If an emergency occurs in a trench, it could be a cave-in or a non-cave-in situation. Cave-ins are generally due to changing weather conditions, machinery, or vibrations that cause the walls to collapse, or removed dirt from the spoil pile falling back into the trench. A non-cave-in situation may be a medical emergency in the trench, entrapment of a worker under a pipe or machinery, flooding, or equipment failure.
It is crucial that first-arriving emergency units establish command, contain the incident, and request the appropriate resources. To establish command, follow your written “incident command guidelines.”
· Notify dispatch
· Size up the situation and determine if it is a cave-in or non-cave-in
· Determine the number and types of victims
· Determine the nature of the emergency
· Determine the hazards on the scene (utilities, weather, water, hazmat, machinery)
· Determine the approximate depth of the trench
· Determine if it is a rescue or recovery operation
· Establish “hot, warm, and cold” zones (hot= only trained rescuers, warm= trained support staff, and cold = non-trained personnel are not allowed within a 10-foot radius around the trench)
· Make sure no first responders endanger themselves by urging them not to play hero and enter the “hot” zone without the proper training and technical equipment
· Establish a staging area for equipment and personnel coming to the scene
A trench rescue incident requires a technical rescue team. A minimum of 20-30 rescue technicians are needed for the operation. Since most municipalities don’t have the personnel or the training to perform a trench rescue, it is much more feasible to thoroughly and effectively plan out your trenching jobs and use the appropriate techniques to protect your workers prior to sending them into a trenching situation.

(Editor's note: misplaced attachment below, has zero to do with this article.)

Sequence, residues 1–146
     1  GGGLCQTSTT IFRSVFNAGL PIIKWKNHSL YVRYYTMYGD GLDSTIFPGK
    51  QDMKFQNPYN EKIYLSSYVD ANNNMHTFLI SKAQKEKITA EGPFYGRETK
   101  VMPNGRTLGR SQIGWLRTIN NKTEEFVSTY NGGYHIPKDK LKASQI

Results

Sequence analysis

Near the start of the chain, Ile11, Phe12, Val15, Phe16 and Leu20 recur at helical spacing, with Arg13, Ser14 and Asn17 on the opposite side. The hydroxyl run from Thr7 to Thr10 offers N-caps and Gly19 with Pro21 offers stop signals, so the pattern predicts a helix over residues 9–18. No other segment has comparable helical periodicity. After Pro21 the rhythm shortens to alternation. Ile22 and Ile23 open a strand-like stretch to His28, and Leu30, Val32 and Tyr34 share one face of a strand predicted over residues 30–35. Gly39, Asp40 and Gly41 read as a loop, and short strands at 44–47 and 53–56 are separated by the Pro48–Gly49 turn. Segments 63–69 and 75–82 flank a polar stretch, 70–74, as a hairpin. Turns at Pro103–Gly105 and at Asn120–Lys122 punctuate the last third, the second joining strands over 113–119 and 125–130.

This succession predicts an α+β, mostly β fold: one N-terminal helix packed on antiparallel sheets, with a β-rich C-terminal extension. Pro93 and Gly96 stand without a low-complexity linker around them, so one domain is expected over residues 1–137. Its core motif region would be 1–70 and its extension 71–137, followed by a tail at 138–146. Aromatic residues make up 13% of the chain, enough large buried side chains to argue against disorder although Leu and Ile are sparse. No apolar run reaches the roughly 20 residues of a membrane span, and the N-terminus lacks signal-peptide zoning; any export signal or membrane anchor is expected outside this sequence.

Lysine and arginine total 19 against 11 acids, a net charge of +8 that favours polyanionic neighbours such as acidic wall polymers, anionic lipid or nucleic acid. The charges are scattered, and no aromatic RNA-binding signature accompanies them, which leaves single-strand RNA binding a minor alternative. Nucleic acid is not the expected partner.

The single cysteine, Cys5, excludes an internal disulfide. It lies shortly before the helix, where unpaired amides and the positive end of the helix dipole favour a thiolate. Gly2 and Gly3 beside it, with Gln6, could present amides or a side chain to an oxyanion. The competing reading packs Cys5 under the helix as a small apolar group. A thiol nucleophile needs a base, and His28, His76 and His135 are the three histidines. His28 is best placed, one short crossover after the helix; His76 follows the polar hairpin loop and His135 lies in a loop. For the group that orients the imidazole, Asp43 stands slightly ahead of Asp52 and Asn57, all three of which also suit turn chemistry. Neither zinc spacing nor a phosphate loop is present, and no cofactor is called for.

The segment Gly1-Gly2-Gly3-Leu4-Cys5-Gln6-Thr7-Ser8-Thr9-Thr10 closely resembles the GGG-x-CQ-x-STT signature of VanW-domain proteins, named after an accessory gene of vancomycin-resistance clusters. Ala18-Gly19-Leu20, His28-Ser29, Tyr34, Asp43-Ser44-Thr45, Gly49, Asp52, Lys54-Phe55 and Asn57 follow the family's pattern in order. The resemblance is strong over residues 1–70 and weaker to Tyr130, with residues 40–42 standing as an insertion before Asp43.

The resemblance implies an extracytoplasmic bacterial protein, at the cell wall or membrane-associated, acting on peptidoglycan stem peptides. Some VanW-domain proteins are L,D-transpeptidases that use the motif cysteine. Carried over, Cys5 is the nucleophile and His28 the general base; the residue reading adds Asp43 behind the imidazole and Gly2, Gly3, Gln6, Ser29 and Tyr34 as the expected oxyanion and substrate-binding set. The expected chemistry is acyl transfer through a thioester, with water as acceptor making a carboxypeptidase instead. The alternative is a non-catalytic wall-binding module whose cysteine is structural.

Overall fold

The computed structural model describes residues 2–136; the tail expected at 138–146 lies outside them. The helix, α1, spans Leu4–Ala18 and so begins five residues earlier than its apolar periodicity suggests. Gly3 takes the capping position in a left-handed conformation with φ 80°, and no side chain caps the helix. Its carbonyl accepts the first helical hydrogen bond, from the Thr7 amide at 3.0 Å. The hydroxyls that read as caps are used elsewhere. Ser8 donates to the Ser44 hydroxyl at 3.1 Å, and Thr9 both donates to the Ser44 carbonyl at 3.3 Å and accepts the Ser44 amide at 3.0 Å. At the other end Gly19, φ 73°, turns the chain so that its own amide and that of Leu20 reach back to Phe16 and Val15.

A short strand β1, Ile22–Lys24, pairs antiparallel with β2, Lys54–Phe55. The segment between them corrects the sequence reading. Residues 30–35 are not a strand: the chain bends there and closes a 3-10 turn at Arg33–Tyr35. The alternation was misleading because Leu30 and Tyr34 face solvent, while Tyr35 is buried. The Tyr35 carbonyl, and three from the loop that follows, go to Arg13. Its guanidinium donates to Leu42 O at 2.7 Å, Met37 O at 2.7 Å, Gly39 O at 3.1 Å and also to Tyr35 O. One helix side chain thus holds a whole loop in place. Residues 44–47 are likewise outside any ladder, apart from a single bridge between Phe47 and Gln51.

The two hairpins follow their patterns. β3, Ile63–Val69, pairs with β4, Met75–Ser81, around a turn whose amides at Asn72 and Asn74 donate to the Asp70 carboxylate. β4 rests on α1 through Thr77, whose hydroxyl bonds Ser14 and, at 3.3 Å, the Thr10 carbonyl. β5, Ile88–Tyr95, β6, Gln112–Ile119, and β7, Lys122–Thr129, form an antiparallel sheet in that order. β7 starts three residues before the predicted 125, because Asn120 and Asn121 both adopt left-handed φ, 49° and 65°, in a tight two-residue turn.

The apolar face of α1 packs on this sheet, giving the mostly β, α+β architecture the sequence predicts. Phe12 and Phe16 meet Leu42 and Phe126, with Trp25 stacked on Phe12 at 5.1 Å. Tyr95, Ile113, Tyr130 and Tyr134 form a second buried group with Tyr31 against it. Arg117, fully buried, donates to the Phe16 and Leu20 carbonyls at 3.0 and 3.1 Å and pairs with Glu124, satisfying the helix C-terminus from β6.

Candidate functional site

Specialized equipment will need to be brought in by rescue teams, such as airbags, struts, shoring, hand tools, buckets, ladders, ground pads or plywood to stabilize the area around the trench, ropes and rigging, generators, and lighting. For extended incidents consider additional resources such as food, water, and warming equipment for rescuers. Rescues are not generally done in a few minutes. Often they take hours and many times result in a recovery rather than a rescue.
Two feet of soil covering a victim can be the equivalent of 600-1000 pounds on their body. Clearly, crushing and airway compromises are strong possibilities. Once an EMS can assess a victim, the following should be treatment priorities:
· Airway access and control
· Maintain body temperature
· Intravenous access before removal of victim
· Head, eye, and ear protection
· Pain management
· Fracture management and immobilization
It is highly recommended that all responders take a trench rescue awareness and operation course that meets NFPA standards. While trench rescues are rare, they are technical operations requiring a great deal of personnel, resources, and logistics. The best way to prevent a trench rescue situation is to follow strict safety procedures in setting up your municipal trenching and excavation situations before you put workers at risk in the trenches!
OMAG offers online safety courses through LocalGovU. This is a free online training service provided to our member cities and towns. All you have to do is go to our website at www.omag.org and click on the “I want to…” tab at the top right of the page, then click on “train online” and select LocalGovU. Follow the instructions on how to access training and registration. If you have questions or issues, contact the LocalGovU staff with the phone number provided on the page. They will be able to walk you through the process.
Employees can go through the training programs individually or a supervisor/manager can hold a departmental training by connecting a computer with internet access to a TV or projector and hold a class at a location convenient to their staff and facilities. Just remember to have your staff sign a training roster and keep it in your training files. The best part of training this way is your employees will get safety training relating to their specific jobs. There are dozens of topics to choose from, and a course list is provided on the LocalGovU link.
OMAG’s partnership with LocalGovU is just another Value-Added-Service we provide to your municipality to assist you in your Risk Management program.